Studies on the effects of dietary components, such as isothiocyanates and fish omega-3 fatty acids, on cancer progression have focused on reporting their effects on tumour growth and development [20–22]. Likewise studies on gene expression associated with carcinogenesis in animal models have frequently only centred on changes associated with the later stages of tumour growth and progression to metastasis . In this study we are concerned with changes in gene and protein expression that occur in the very early stages of prostate carcinogenesis, prior to tumour development and how they may be modulated by diet. Up to now preliminary results indicate that green tea catechins are promising in suppressing cancer progression in individuals with HG-PIN but a mechanistic explanation for this effect is not yet clear . In the present study, we sought to explore the possibility that the dietary isothiocyanate sulforaphane has contrasting effects on cells and tissues with differential PTEN expression. This may provide a partial explanation of the inverse association between diets rich in broccoli and the risk of prostate cancer [12, 24], and also suggest potential therapeutic applications of sulforaphane and related compounds.
Initially, we found that in men that are at risk of prostate cancer following a previous diagnosis of HGPIN, there is considerable variation in PTEN and pAKT expression that is not associated with obvious histological abnormalities. Heterogeneity of expression would be consistent with the characteristic emergence of several cancer foci in the human prostate. PTEN also varied in its localisation of expression. While intense pAKT expression was associated with lack of both nuclear and cytoplasmic PTEN expression, we also observed loss of nuclear expression of PTEN without activation of pAKT. While the function of cytoplasmic PTEN is to counteract increased levels of PIP3 by dephosphorylating to PIP2, thereby preventing activation of AKT and downstream signaling, the function of nuclear PTEN is not as well defined but may be independent of its phosphatase activity . Nuclear PTEN function leads to p53-mediated G(1) growth arrest, cell death, and reduction of reactive oxygen species production . Recently, nuclear PTEN has also been linked in controlling chromosomal integrity by acting on chromatin to regulate expression of Rad51, which reduces the incidence of spontaneous DNA double-strand breaks .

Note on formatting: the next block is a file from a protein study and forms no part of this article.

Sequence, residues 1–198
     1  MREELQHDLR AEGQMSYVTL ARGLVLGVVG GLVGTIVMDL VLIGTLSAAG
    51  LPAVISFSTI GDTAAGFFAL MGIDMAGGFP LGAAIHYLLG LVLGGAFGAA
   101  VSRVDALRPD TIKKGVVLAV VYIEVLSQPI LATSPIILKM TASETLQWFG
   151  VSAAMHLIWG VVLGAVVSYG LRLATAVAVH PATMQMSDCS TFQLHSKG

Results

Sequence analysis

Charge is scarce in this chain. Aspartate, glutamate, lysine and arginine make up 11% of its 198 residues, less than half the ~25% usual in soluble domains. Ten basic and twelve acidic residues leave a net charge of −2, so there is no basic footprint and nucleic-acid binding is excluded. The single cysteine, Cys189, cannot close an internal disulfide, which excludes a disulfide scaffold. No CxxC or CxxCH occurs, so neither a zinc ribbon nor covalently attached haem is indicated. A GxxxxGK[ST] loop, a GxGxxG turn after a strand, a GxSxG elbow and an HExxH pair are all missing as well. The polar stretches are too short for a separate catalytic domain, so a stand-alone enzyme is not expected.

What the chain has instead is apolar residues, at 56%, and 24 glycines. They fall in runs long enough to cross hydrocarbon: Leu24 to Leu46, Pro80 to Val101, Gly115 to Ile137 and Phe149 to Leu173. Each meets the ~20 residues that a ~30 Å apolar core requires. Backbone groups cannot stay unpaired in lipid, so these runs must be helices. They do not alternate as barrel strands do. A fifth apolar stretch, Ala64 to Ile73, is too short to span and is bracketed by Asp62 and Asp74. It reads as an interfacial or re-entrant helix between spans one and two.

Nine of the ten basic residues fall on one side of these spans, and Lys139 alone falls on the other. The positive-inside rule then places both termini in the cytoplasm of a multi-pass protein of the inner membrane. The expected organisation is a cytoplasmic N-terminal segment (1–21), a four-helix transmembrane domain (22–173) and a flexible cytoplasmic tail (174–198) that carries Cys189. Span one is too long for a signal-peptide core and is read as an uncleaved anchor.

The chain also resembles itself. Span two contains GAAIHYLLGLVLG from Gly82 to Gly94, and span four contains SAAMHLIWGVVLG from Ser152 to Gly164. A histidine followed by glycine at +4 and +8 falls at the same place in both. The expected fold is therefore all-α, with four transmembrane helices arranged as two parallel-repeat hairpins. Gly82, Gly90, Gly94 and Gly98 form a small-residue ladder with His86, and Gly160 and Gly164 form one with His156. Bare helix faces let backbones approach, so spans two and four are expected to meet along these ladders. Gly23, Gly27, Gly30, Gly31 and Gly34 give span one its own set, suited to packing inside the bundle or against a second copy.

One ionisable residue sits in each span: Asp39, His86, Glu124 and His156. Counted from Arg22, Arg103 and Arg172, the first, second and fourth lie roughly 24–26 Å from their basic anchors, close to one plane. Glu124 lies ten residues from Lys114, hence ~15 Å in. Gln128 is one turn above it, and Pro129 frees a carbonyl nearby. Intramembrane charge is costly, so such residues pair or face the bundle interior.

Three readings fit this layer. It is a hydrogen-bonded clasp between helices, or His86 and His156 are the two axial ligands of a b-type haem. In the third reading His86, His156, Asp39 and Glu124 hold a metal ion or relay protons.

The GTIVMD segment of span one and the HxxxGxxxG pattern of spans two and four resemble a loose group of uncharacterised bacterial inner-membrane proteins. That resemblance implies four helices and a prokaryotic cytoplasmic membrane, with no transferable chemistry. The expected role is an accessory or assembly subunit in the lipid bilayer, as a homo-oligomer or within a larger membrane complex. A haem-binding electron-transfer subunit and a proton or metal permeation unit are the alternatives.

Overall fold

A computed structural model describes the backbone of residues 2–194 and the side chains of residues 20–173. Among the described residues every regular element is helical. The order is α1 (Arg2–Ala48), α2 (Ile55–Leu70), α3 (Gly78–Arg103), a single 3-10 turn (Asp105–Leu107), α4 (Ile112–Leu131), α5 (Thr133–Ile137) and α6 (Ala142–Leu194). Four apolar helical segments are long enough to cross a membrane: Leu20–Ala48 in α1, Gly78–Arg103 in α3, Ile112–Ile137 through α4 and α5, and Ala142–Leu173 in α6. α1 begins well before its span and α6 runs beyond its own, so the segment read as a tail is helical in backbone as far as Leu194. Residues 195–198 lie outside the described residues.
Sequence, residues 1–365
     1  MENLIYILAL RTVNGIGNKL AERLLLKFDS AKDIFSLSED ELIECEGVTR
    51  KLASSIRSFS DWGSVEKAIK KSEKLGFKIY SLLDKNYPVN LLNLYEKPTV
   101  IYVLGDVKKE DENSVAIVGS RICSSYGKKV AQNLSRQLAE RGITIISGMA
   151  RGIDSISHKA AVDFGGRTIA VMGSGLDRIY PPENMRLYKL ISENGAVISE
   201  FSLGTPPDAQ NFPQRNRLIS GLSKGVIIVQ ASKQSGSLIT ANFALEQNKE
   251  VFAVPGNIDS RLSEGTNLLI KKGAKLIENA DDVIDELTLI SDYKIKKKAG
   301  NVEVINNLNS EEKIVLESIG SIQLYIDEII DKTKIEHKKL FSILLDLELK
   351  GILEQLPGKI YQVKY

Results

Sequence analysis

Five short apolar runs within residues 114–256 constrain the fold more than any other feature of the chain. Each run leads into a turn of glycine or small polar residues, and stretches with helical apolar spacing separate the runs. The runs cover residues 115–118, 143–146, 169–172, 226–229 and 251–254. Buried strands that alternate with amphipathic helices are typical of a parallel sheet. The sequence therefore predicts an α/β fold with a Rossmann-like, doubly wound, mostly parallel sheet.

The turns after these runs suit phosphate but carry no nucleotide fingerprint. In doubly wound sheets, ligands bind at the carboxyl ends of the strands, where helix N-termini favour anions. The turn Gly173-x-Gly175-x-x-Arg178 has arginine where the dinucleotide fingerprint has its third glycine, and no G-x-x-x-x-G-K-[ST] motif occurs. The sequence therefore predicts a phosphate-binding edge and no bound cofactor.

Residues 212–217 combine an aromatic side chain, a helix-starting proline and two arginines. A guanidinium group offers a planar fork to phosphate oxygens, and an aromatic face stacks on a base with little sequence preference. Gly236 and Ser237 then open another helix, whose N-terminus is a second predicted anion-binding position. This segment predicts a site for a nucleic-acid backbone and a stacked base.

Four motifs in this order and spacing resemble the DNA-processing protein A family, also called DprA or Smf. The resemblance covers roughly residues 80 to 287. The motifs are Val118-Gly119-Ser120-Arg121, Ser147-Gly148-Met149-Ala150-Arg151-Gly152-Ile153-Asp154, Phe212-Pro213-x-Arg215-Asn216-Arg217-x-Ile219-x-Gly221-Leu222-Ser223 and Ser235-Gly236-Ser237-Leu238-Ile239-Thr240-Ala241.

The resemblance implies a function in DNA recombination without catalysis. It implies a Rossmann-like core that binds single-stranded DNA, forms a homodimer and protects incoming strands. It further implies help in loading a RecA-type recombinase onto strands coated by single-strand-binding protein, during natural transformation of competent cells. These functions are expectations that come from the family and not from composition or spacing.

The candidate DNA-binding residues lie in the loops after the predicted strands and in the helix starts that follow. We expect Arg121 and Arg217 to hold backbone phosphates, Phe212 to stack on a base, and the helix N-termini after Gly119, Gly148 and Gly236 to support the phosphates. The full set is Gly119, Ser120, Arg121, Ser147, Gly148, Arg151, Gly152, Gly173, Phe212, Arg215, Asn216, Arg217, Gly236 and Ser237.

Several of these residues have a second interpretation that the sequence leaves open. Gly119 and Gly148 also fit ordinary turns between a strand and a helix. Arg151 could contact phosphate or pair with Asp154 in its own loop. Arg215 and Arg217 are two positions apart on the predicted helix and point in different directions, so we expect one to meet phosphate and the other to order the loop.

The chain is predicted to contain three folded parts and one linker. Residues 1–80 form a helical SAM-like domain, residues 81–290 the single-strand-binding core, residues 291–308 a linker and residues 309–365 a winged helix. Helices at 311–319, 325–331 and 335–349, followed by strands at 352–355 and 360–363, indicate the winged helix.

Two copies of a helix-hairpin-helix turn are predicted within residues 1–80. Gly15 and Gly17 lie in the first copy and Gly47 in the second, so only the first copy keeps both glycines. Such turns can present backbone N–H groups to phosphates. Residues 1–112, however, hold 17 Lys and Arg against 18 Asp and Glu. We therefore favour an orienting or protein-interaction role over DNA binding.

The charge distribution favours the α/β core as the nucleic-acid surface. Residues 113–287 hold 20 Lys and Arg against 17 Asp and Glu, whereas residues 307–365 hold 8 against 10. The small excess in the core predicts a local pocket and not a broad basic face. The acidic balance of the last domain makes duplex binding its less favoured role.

To determine whether PTEN and subsequent perturbation of the PI3K/AKT signaling pathway would play a significant role in sulforaphane-mediated effects on prostate carcinogenesis, we initially studied the human prostate cancer cell line PC3, which has a PTEN deletion, and found that it is more sensitive to growth inhibition by SF than the PNT1A cell line that has wild type PTEN expression. At low concentrations, SF enhanced the growth of PNT1A, similar to that previously reported for non-cancerous prostate primary epithelial cells . However, as PC3 and PNT1A cell lines would have other differences in their genetic background, we sought to investigate the biological activity of SF in the mouse prostate-specific PTEN deletion model, where progression to carcinogenesis parallels that of human disease. By comparing PTEN-deficient and WT littermates, which differ only in the expression of Cre recombinase and PTEN, we unambiguously showed that SF has much greater activity in a PTEN-deficient background, indicating selectivity towards cells that are at risk of carcinogenesis or tumour tissue itself. In addition, these effects are occurring at the early initiating stages of prostate carcinogenesis before malignant transformation has occurred.
The effects of SF on gene expression in PTEN-deficient prostate tissue were complex. After five weeks, the main effect is to ameliorate PTEN null-mediated gene expression, so that SF itself acted as a surrogate PTEN tumour suppressor, although its effects were not sufficient in this model to reverse the histopathological changes induced by the knock out of PTEN in all prostate epithelial cells. At a later stage, while SF continued to inhibit a subset of PTEN null-mediated gene expression, it also changed the expression of other genes that are associated with cell cycle arrest and apoptosis. For example, the HSF diet up-regulated cyclins A2, B1, B2, E1 and E2, down-regulated cyclin D2 and induced their associated cyclin-dependent kinases, Cdk2 and 6 (Additional file 5 - Table S5). These results are consistent with previous studies. Cell cycle regulation by SF has been reported in prostate and colon cell lines in which G1 phase cell cycle arrest was associated with protein down-regulation of cyclin D1 [28, 29], and in non-transformed T lymphocytes where SF reduced cyclin D2 . Gene expression of cyclin D2 was also down-regulated in small intestinal polyps of ApcMin/+ mice after 3 days of SF treatment. Increased protein expression of cyclin B1 has been reported to be induced by SF in human colon and breast cells [32, 33]. SF also resulted in a greater than 2-fold increase in expression of caspases 3 and 7 (Additional file 6 - Table S6), consistent with induction of apoptosis in a caspase-dependent manner previously observed in a variety of cell and animal models by SF . For example, SF increased caspase-3 activity in cultured PC3 human prostate cancer cells [5, 34] and broccoli sprouts - a rich source of SF - retarded tumour growth associated with caspase-3 cleavage in TRAMP mice, an alternative model of human prostate cancer .